No Bregrets

Almost as soon as the referendum votes were counted people were asking for polling on whether people regretted their decision. There is still a certain audience who seem downright desperate to find polling showing that people do not, after all, want to leave the European Union (and, I suppose, a (slightly larger) audience who want to see polls showing they don’t!). I guess this is the curse of a referendum decision that takes a couple of years to actually implement.

The most straightforward way of measuring Bregret is to ask the referendum question again – how would people vote if the referendum question was asked again now. Several polls have done that:

YouGov/Eurotrack (20th-25th Oct) Remain 44%, Leave 43%
BMG (19th-24th Oct) Remain 45%, Leave 43%
YouGov/Eurotrack (21st-22nd July) Remain 43%, Leave 44%
YouGov/Eurotrack (3rd-4th July) Remain 45%, Leave 45%

All of these suggest a very small movement towards Remain, and given Leave’s lead was only four points that’s enough to flip the result in a couple of cases. However, I’d be a little cautious in reading too much into the results. All of these polls are just straight “how would you vote questions” with no attempt to account for differential turnout, when at the referendum Leave voters were more liable to turnout. If you look at the actual tables for these you’ll find there is very little movement between remain and leave, the shift is down to people who didn’t vote in the referendum claiming that in a referendum tomorrow they would vote in favour of Remain. That’s possible of course (perhaps people who assumed a Remain victory in June and didn’t bother to vote, now realising their vote really would count)… but I’m rather sceptical about people saying they’d vote in an EU referendum who didn’t bother to vote in the one we just had.

The approach alternative is to ask if people think it was the right decision and if they might change their vote.

Just after the referendum there was an poll by Ipsos MORI for Newsnight, which showed 43% of people thought Brexit was the right decision, 44% thought it was the wrong decision. Asked if they would change their mind in a new referendum, 1% of Remain voters said they would definitely or probably change their mind, 5% of Leave voters said they would definitely or probably change their mind. If those people all switched to the other side it would have just edged into a Remain lead.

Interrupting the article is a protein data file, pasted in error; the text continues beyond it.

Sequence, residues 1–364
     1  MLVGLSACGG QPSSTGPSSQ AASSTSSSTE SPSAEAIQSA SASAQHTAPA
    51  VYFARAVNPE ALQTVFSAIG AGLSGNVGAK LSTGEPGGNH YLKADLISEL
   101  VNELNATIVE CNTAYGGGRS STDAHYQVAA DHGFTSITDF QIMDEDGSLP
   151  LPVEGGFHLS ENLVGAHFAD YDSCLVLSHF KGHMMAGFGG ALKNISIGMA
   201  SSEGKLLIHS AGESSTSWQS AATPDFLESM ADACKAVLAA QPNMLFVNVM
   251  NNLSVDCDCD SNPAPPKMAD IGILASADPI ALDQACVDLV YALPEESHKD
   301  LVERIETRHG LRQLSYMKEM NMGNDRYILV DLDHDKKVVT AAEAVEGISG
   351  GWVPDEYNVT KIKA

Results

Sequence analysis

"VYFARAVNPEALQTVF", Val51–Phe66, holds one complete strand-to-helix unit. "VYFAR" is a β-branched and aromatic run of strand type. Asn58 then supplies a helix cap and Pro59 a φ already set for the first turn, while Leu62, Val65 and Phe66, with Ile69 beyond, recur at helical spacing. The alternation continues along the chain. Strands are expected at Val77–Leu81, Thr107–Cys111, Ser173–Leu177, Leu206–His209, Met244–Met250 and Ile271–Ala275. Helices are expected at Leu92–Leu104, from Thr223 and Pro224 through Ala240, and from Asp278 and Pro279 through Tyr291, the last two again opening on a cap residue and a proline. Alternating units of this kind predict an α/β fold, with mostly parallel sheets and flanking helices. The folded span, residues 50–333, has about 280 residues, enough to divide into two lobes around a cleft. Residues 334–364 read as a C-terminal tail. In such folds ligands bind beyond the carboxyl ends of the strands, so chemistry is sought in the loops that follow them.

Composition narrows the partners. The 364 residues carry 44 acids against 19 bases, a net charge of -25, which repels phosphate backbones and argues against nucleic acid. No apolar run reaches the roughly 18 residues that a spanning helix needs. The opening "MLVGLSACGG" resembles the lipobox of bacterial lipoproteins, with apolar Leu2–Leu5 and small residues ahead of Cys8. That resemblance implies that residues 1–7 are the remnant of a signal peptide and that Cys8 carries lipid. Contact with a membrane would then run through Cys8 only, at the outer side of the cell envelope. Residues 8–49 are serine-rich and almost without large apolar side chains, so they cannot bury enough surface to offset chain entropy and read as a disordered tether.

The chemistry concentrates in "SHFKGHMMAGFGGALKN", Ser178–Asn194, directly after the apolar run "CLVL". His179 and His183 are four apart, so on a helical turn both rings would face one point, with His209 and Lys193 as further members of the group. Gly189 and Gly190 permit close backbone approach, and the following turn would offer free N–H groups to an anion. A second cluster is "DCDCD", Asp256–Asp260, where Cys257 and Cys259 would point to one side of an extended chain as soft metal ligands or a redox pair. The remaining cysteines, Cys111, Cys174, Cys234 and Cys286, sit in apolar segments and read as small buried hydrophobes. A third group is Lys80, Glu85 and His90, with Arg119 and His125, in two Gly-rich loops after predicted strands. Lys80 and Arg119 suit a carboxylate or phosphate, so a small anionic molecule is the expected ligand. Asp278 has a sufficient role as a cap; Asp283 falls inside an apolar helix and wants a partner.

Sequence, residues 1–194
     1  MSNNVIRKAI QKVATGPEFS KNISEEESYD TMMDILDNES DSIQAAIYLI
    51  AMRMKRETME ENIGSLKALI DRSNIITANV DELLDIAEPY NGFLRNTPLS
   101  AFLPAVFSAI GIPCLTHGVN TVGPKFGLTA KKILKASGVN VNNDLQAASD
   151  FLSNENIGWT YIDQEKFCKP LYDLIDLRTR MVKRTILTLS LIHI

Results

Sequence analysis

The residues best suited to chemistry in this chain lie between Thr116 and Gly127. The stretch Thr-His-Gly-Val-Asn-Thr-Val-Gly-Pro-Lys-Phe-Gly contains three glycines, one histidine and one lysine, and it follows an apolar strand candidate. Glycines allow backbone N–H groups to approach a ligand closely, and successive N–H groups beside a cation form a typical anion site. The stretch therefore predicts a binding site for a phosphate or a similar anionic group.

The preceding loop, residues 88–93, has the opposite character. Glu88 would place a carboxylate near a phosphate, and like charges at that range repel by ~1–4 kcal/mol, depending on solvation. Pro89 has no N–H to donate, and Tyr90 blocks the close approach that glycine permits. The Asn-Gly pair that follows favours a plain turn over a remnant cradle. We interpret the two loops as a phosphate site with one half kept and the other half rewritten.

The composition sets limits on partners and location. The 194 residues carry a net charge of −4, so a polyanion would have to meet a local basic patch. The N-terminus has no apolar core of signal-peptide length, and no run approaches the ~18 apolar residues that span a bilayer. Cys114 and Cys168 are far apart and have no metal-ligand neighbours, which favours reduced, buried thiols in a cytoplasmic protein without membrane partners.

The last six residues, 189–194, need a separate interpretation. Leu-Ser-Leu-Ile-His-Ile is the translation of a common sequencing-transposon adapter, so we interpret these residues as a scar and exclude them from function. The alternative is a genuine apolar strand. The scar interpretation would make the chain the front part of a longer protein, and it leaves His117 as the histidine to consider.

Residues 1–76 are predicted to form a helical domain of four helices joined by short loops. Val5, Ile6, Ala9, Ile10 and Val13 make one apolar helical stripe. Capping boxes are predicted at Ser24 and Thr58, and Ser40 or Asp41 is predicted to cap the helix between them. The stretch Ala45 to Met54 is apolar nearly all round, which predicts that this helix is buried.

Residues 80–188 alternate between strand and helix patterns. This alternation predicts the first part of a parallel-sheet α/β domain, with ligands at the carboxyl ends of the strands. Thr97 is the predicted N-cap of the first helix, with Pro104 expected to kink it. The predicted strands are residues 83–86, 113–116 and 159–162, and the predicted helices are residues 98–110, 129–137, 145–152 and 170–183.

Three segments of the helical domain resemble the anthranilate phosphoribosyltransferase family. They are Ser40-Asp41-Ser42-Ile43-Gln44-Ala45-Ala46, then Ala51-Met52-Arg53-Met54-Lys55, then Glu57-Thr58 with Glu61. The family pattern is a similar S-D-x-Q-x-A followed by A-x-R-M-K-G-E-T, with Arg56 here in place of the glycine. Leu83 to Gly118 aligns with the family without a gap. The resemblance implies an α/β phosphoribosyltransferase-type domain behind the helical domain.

In contrast YouGov have regularly asked if people think the decision to leave was right or wrong, and have tended to find slightly more people saying it was the right decision. The pattern of opinion is pretty consistent – movement between Remain and Leave is small and tends to cancel out, people who didn’t vote at all tend to split in favour of it being the wrong decision:

YouGov/Times (11th-12th Oct) – Right to Leave 45%, Wrong to Leave 44%
YouGov/Times (13th-14th Sep) – Right to Leave 46%, Wrong to Leave 43%
YouGov/Times (30th-31st Aug) – Right to Leave 47%, Wrong to Leave 44%
YouGov/Times (22nd-23rd Aug) – Right to Leave 45%, Wrong to Leave 43%
YouGov/Times (8th-9th Aug) – Right to Leave 45%, Wrong to Leave 44%
YouGov/Times (1st-2nd Aug) – Right to Leave 46%, Wrong to Leave 42%

Finally the British Election Study asked a question on whether people regretted how they voted or not. Only 1% of people who voted Remain said they regretted their vote, but 6% of people who voted Leave said they regretted their vote. Now, saying you’ve some regrets doesn’t necessarily mean that you wouldn’t, on balance, end up doing the same. For what it’s worth though, if those people who had regrets hadn’t voted the result would still have been leave; if those people had voted the opposite way it would’ve been Remain.

Looking across the board at all this polling, there is a suggestion that public opinion may have moved very slightly towards Remain, and with only a four point lead that’s enough to change the lead in some polls. However, in most cases that apparent movement isn’t people changing their minds, but is down to the opinions of those people who didn’t actually vote last time. That means if there was another referendum right now, if turnout was similar to June the result would probably be similar too.

My expectation is that, given time, we probably will see “Bregret”, simply because Brexit is going to be tested against reality while Remain isn’t. The road ahead has a lot of obstacles and some Leavers’ hopes and expections will be dashed (Remainers’ hopes and expectations of what would have happened if we’d stayed won’t, of course, face the same collision with reality). The lead at the referendum was only 4%, so it really won’t take that many people having second thoughts to flip opinion over. To those who really want to see evidence of Bregret in the polls – have a bit of patience. It will probably come in time, but the data really isn’t there to support it now.


814 Responses to “No Bregrets”

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  1. @R Huckle said
    According to this A.50 can be revoked if necessary.

    @BZ said
    The Brit who drafted A50 certainly thought it was, but given that both sides in the High Court case contended that it is not, an ECJ ruling would seem to be required.
    The High Court were perfectly entitled to ask the ECJ for a ruling on that single point, but presumably did not because neither side thought it relevant. Perhaps the UK Supreme Court will find an excuse to do so.